development of the RiceWrist. Speedy development was instrumental in the project establishing its validity and receiving additional funding. 
Photos courtesy of Prof. Marcia O'Malley
Over 20 years of expertise in controls at your disposal.  From research inception to completion, Quanser engineers are valuable resource persons you can lean on. They’re completely familiar with all our tools because they conceived and built them.  So when graduate students or lab assistants move on, you never lose the continuity of our support.
Our engineers can also aid in the research design or help you choose the components you require to build the best integrated rapid controls framework for your project. So whether it requires months or years, you can rely on Quanser’s ongoing support.
Semesters go by all too quickly and you need to make the most of the all-too-limited research resources available to you. To fully leverage those resources, you may wish to consider the tools, expertise and support available to you from Quanser.  It could be the best way to set up your research for success.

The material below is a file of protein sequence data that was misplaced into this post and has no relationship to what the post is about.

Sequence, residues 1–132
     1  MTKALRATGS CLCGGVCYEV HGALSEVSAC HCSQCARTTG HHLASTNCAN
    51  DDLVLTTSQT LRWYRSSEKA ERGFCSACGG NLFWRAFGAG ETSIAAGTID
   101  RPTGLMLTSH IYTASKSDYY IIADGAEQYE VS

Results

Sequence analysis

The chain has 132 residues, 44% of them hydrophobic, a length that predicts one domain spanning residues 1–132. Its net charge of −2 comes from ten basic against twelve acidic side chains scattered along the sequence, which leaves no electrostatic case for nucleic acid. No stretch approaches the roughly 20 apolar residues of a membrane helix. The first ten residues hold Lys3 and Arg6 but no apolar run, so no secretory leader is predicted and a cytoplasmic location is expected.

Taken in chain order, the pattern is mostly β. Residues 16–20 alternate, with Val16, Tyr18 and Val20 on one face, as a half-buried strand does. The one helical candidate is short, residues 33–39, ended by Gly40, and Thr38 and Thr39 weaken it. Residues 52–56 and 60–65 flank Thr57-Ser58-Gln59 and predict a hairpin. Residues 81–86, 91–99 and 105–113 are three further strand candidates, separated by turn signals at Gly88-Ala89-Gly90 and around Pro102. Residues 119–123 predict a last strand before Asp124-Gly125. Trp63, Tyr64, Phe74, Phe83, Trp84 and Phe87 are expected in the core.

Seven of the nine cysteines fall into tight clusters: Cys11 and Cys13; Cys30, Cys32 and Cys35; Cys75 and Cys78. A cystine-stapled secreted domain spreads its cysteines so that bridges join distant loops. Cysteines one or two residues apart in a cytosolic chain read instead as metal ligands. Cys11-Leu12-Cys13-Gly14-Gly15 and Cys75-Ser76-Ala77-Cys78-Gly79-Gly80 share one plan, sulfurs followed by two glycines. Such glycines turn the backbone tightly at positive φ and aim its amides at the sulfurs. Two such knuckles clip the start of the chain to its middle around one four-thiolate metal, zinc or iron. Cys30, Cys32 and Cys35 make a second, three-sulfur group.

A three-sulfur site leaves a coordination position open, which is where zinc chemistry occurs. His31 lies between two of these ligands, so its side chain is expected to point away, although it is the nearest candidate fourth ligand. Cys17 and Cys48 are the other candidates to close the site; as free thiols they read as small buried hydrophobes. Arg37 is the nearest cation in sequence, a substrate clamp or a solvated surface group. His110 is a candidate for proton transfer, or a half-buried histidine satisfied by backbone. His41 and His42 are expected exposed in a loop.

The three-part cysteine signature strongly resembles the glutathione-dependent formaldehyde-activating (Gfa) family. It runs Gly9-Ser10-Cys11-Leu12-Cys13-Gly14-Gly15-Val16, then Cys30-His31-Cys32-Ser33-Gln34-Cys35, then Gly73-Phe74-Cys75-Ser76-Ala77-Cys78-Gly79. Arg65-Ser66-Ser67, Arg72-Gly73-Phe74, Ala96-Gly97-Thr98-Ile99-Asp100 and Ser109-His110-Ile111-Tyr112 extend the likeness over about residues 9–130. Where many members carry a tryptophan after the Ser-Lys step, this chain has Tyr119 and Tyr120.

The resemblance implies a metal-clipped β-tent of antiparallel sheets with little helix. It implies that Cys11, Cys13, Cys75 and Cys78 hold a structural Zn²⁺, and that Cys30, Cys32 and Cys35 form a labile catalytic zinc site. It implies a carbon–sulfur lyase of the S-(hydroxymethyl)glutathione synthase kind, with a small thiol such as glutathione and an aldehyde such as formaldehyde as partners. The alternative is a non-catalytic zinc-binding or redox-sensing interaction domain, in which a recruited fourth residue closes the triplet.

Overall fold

To discuss ways Quanser can help set up your research for success, contact us at info@quanser.com.

How Top Professors Help Their Students Get The Most Out of a Course


Any good controls professor can show his or her students how a controls experiment works.  But a great controls professor accomplishes much, much more. He or she helps their students see why that controls experiment is so valuable in the real world.

As you probably know, not all students come to their first controls class with a clear idea of why controls are so important. That’s why immediately identifying the importance of controls in sustaining our fast-paced daily lives should be one of the first goals of any controls professor.  Students who are presented with this results-oriented vision will then be ready to invest their time and energy in the task of learning the subject matter—simply because they’ll see the real-world applications that lie beyond the experiments and the theory.